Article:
Flatrock River


The Flatrock River originates in the rich farmland of Henry County and flows approximately eighty-eight miles before joining the Driftwood River to form the East Fork of White River at Columbus, Indiana. Once lined with mills producing essential materials for Hoosier settlers, the river now flows quietly, primarily through farmland with an almost constant narrow wooded strip paralleling the river.

The name Flatrock appears to be a misnomer since the river flows through some of the deepest and richest soils in the State. The name may have been given for the many water-powered mills whose "flat rocks" ground the white man's grain. Only one of the 30 mills that existed on the river remains today but many of the dams remain in place. There are also a number of unique and very ornate covered bridges which were built by a master bridge builder named A. M. Kennedy.

A 23-mile section along its lower reaches provides a good canoe trip of moderate difficulty taking a little over seven hours canoeing time. There is very little development along this section and the banks include silver maple, box elder, sycamore, cottonwood, green ash and elms with sandbar willows predominating on the gravel bars. Fauna inhabiting the area include wood ducks, kingfishers, spotted-sandpipers, great-horned owls and fox squirrels. In September, 1974, the sighting of an osprey raised considerable interest as the presence of this species is rapidly decreasing. Fishing for suckers is usually successful and occasionally a catfish or bass is landed. There are no public picnic or campground facilities along the floated section, but these facilities can be found at Millrace Park in Columbus, south of the take-out point.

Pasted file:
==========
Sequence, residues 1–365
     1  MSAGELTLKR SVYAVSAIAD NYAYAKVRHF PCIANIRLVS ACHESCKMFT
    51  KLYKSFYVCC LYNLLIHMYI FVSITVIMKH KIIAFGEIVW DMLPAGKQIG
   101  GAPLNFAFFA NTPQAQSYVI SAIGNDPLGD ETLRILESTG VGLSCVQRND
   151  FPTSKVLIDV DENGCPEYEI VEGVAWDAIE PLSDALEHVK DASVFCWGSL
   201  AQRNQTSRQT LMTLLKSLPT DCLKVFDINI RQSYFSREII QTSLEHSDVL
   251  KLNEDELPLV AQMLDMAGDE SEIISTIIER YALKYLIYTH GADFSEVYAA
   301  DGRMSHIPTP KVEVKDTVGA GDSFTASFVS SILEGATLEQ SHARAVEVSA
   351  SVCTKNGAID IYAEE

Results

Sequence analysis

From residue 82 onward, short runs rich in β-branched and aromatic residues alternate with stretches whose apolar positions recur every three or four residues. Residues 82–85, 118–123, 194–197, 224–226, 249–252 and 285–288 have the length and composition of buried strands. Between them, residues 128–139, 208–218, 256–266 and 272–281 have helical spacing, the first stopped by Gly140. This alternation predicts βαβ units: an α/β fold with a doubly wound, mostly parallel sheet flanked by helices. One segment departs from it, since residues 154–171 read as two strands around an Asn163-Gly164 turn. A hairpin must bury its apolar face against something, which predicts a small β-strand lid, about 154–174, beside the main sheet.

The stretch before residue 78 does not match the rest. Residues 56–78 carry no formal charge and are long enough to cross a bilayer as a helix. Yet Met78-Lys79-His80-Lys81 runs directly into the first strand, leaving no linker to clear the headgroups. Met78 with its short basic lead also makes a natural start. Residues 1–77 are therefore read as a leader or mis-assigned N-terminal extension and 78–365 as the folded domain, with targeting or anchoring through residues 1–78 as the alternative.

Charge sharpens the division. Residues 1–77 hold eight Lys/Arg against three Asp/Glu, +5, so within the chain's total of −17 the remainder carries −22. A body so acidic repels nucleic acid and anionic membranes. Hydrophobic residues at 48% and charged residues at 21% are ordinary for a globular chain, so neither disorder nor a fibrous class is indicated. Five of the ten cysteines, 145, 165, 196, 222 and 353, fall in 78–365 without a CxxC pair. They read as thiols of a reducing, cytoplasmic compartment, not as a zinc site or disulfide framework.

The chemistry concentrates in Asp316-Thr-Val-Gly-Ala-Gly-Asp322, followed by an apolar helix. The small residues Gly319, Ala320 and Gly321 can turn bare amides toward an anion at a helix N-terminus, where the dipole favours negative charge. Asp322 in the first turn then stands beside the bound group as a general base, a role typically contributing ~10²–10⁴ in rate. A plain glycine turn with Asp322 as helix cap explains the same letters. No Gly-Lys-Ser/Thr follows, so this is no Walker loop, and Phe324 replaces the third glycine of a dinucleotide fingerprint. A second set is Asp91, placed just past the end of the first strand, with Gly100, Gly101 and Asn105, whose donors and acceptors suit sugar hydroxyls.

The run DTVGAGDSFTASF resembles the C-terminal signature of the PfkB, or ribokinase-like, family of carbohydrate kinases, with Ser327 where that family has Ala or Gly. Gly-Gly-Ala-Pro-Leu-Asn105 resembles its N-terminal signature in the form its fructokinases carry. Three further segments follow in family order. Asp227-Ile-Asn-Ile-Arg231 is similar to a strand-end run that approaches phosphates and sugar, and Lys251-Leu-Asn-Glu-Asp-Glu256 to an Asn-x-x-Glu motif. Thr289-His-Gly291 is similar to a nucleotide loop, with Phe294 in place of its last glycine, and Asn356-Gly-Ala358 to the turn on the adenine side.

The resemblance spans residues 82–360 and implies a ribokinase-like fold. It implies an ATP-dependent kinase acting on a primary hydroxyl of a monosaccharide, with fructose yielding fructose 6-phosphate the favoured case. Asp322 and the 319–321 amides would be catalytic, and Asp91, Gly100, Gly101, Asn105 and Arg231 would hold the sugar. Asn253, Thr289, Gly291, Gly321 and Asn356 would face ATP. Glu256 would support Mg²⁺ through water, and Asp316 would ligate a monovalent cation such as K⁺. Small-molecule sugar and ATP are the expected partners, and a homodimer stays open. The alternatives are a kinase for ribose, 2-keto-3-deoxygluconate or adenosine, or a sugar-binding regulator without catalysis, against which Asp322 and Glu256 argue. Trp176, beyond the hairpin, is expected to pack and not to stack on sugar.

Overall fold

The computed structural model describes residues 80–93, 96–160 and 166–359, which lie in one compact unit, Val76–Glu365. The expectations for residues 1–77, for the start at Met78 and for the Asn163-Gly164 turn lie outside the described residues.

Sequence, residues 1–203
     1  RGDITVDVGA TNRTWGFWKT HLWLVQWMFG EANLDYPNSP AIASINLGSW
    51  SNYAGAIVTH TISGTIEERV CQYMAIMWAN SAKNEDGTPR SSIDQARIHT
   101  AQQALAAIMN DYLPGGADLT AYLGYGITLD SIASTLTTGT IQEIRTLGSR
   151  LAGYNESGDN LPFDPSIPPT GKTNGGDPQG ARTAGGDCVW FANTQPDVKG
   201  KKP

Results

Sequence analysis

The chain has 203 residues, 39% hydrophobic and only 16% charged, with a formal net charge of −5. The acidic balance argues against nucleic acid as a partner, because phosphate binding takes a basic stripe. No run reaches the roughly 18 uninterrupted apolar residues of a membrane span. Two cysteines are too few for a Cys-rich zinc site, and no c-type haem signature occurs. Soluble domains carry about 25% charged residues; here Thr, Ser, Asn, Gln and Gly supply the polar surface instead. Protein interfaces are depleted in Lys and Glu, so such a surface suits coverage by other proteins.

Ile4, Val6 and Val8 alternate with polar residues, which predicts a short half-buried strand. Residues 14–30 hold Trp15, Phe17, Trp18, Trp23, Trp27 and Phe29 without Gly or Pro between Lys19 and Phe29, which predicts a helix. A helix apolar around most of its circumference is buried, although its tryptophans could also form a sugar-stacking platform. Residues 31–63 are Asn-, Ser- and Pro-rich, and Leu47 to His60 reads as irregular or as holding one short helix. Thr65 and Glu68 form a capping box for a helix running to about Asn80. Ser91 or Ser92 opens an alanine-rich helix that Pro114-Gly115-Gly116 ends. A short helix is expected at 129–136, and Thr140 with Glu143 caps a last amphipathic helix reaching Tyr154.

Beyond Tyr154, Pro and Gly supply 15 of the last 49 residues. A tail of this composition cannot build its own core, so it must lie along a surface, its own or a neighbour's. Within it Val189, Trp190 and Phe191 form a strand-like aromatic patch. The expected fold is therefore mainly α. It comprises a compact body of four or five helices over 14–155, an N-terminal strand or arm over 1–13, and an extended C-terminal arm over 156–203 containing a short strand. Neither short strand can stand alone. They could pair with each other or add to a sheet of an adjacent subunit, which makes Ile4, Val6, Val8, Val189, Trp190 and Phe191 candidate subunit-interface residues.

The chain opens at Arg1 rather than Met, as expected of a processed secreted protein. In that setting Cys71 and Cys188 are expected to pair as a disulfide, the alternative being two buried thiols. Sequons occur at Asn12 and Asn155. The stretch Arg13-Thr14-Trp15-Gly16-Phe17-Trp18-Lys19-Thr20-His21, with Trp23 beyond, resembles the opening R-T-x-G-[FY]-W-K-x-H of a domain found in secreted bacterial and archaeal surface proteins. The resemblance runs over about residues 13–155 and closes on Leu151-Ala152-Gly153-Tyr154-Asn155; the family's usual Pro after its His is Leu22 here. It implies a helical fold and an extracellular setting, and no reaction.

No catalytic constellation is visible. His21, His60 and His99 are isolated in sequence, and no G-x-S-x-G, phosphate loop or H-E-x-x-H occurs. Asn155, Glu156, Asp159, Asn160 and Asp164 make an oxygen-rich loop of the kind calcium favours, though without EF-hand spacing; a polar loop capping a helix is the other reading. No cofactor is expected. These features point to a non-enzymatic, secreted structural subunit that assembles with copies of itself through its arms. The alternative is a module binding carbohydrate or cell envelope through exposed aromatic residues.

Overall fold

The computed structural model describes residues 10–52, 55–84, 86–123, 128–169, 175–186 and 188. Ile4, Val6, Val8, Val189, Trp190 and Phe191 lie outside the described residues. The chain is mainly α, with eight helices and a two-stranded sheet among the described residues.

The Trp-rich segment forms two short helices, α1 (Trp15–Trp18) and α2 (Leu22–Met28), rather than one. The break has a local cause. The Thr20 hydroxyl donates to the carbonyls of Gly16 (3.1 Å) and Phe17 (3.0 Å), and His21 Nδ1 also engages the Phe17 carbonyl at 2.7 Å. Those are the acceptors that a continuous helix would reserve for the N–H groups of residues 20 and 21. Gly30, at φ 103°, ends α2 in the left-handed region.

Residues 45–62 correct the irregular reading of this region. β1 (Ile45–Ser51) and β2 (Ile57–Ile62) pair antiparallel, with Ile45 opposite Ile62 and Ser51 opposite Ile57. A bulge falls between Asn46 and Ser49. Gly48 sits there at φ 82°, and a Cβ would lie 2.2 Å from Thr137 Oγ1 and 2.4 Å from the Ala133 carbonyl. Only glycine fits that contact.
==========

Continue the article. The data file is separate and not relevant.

The recommended put-in site is at the Indiana State Highway 9 bridge over Flatrock River approximately two miles north of Norristown, or about ten miles south of Shelbyville. The southeast corner is steep with large boulders, but passable with care. In addition to the two dams noted on the map, there are several log jams and rock dams which have been partially washed out. For this reason, we recommend that the river not be floated during periods of low water level. If the flow at the Saint Paul Gaging Station is below 100 cubic feet per second, several additional portage and wading treks would be necessary.

The recommended take-out is at the U. S. 31 bridge near Columbus. The southeast corner of the bridge is the best path up to your car, which can be parked on the road shoulder on the east side of the river. It is possible to float on down to Millrace Park in Columbus, but this will necessitate portaging over a barbed wire fence on the right (west) side of a dam and is, therefore, not recommended.

Your car shuttle back to the put-in site should go north on U. S. 31 to Interstate 65, then north on I-65 to State Road 252. Head east on 252 to Flatrock, Indiana and continue east on the Flatrock Road to Norristown. Turn left on State Road 9 and go north to the bridge over Flatrock River, the put-in site.

Run Name Class Current Flow Status